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Democratic mayoral candidate Shafiq Abdussabur (above) addresses crowd (below) at Sunday campaign launch event.
A hundred youth workers, former cops, small business owners, and Beaver Hills neighbors thronged a room festooned with balloons, head scarves, knit caps, yarmulkes, and hijabs Sunday to help Shafiq Abdussabur kick off a grassroots mayoral campaign with a promise to heal divisions and unite people across New Haven.
The event took place in a meeting room at the Courtyard Marriott on Whalley Avenue.
Salwa Abdussabur, who is helping dad’s campaign.
“You can look around this room right now, and it looks like the entire world,” Abdussabur told the assembled crowd.
“That’s our community. We are neighborhoods of different people from different backgrounds, from different cultures, from different traditions. We have different mindsets. We have different opinions. But at the end of the day, we’re the same city. We’re the same New Haven.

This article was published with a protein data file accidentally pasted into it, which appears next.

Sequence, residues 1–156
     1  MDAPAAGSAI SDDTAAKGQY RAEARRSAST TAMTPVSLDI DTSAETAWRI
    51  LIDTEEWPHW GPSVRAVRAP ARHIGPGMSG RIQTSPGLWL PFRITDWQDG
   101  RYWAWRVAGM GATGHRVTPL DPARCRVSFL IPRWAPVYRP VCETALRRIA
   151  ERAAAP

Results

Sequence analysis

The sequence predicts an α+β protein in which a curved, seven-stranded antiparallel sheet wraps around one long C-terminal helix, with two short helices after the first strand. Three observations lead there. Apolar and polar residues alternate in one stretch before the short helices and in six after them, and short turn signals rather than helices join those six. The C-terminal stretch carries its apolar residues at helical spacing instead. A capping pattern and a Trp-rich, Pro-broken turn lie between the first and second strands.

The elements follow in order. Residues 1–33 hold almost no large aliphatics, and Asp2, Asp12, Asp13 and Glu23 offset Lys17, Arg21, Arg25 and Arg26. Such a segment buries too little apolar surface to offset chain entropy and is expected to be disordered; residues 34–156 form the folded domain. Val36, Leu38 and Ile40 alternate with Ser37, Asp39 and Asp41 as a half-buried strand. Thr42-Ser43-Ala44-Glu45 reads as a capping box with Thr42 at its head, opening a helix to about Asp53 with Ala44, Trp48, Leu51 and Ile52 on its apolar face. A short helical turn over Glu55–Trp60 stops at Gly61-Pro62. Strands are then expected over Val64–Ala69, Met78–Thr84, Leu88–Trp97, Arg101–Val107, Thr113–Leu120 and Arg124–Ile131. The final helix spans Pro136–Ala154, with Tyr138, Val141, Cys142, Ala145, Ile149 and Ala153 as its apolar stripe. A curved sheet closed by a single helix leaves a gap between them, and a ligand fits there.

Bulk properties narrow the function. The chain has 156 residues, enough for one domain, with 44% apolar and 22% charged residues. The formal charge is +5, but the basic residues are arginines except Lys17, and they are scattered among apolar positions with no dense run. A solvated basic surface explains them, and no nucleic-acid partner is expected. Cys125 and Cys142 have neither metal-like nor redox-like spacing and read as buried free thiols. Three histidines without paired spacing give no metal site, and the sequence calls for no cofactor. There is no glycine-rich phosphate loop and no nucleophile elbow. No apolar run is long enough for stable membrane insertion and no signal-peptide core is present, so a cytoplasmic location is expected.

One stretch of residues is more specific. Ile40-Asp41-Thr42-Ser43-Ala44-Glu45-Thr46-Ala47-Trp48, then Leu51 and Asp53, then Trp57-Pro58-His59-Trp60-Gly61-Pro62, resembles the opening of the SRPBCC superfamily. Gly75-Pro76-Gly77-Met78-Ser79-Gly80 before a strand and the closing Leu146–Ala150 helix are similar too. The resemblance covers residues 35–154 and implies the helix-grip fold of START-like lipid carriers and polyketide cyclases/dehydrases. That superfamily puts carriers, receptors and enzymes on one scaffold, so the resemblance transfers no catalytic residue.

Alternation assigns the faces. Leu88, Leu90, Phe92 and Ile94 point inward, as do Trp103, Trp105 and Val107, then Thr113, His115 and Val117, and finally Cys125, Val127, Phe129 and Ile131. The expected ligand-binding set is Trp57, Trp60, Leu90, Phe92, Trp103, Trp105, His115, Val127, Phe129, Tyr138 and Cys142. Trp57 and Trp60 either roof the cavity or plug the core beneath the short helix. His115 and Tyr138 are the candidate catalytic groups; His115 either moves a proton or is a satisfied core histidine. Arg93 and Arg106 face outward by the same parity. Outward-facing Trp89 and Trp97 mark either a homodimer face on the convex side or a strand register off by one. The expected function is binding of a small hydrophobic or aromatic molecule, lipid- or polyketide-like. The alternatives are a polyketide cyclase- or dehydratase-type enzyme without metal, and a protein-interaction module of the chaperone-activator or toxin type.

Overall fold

“I want to bring that back. We’re divided. We don’t look out for each other. We’re so busy and stuck on our own resources that we hold onto. We forget that it’s all of us working together.”
Present and in support (clockwise from top left): Alder and retired police Capt. Gerald Antunes and former City Clerk Sally Brown; Beaver Hills neighbor and businessperson Abe Vail; Stetson Branch Librarian Diane Brown; Koffee? shop owner Duncan Goodall; event speakers youth workers Douglas Bethea and attorneys Makana Ellis and Patricia Kane; retired police Lt. and current Safe Families for Children program coordinator Rebecca Goddard, who emceed.
The crowd consisted largely of people who, like Abdussabur, either grew up or have spent decades living and working in the city — as opposed to more recent residents who tend to be concentrated in higher-voting wards in East Rock, Downtown, and Westville, or in immigrant enclaves of the Hill and Fair Haven.